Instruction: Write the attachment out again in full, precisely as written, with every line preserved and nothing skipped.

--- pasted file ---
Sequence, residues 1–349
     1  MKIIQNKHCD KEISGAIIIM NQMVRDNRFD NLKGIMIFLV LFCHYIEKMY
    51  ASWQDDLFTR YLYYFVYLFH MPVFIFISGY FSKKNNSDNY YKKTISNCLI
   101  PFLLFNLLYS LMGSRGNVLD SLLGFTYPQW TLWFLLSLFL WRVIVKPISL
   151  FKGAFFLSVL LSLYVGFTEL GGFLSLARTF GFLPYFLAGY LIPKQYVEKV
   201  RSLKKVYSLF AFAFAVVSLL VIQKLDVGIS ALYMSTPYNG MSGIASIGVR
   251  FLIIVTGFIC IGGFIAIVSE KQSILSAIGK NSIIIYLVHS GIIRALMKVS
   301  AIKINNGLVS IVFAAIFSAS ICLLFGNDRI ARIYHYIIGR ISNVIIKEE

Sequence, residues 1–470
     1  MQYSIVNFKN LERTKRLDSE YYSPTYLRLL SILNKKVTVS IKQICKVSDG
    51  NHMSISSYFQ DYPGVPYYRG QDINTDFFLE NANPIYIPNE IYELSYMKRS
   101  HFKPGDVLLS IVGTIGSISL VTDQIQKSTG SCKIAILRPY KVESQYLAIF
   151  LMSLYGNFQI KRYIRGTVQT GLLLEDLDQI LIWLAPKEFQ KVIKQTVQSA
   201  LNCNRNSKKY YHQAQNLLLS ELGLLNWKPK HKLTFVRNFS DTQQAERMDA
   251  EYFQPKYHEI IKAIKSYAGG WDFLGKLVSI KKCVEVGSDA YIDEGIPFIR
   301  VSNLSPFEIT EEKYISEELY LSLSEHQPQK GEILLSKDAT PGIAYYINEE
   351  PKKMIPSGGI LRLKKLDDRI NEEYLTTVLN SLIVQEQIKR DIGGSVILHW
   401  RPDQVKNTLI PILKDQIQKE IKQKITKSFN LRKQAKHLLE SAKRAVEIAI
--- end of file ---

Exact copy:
Sequence, residues 1–349
     1  MKIIQNKHCD KEISGAIIIM NQMVRDNRFD NLKGIMIFLV LFCHYIEKMY
    51  ASWQDDLFTR YLYYFVYLFH MPVFIFISGY FSKKNNSDNY YKKTISNCLI
   101  PFLLFNLLYS LMGSRGNVLD SLLGFTYPQW TLWFLLSLFL WRVIVKPISL
   151  FKGAFFLSVL LSLYVGFTEL GGFLSLARTF GFLPYFLAGY LIPKQYVEKV
   201  RSLKKVYSLF AFAFAVVSLL VIQKLDVGIS ALYMSTPYNG MSGIASIGVR
   251  FLIIVTGFIC IGGFIAIVSE KQSILSAIGK NSIIIYLVHS GIIRALMKVS
   301  AIKINNGLVS IVFAAIFSAS ICLLFGNDRI ARIYHYIIGR ISNVIIKEE

Sequence, residues 1–470
     1  MQYSIVNFKN LERTKRLDSE YYSPTYLRLL SILNKKVTVS IKQICKVSDG
    51  NHMSISSYFQ DYPGVPYYRG QDINTDFFLE NANPIYIPNE IYELSYMKRS
   101  HFKPGDVLLS IVGTIGSISL VTDQIQKSTG SCKIAILRPY KVESQYLAIF
   151  LMSLYGNFQI KRYIRGTVQT GLLLEDLDQI LIWLAPKEFQ KVIKQTVQSA
   201  LNCNRNSKKY YHQAQNLLLS ELGLLNWKPK HKLTFVRNFS DTQQAERMDA
   251  EYFQPKYHEI IKAIKSYAGG WDFLGKLVSI KKCVEVGSDA YIDEGIPFIR
   301  VSNLSPFEIT EEKYISEELY LSLSEHQPQK GEILLSKDAT PGIAYYINEE
   351  PKKMIPSGGI LRLKKLDDRI NEEYLTTVLN SLIVQEQIKR DIGGSVILHW
   401  RPDQVKNTLI PILKDQIQKE IKQKITKSFN LRKQAKHLLE SAKRAVEIAI